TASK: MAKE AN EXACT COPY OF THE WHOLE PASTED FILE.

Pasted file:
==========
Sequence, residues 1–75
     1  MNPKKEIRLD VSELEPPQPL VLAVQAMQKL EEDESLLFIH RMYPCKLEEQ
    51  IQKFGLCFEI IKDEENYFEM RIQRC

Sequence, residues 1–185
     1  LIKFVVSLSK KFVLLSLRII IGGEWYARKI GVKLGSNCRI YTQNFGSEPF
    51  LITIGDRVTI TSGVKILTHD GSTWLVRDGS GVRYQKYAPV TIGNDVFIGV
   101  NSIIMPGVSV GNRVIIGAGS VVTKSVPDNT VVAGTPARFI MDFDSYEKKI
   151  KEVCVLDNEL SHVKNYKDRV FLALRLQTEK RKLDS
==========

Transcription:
Sequence, residues 1–75
     1  MNPKKEIRLD VSELEPPQPL VLAVQAMQKL EEDESLLFIH RMYPCKLEEQ
    51  IQKFGLCFEI IKDEENYFEM RIQRC

Sequence, residues 1–185
     1  LIKFVVSLSK KFVLLSLRII IGGEWYARKI GVKLGSNCRI YTQNFGSEPF
    51  LITIGDRVTI TSGVKILTHD GSTWLVRDGS GVRYQKYAPV TIGNDVFIGV
   101  NSIIMPGVSV GNRVIIGAGS VVTKSVPDNT VVAGTPARFI MDFDSYEKKI
   151  KEVCVLDNEL SHVKNYKDRV FLALRLQTEK RKLDS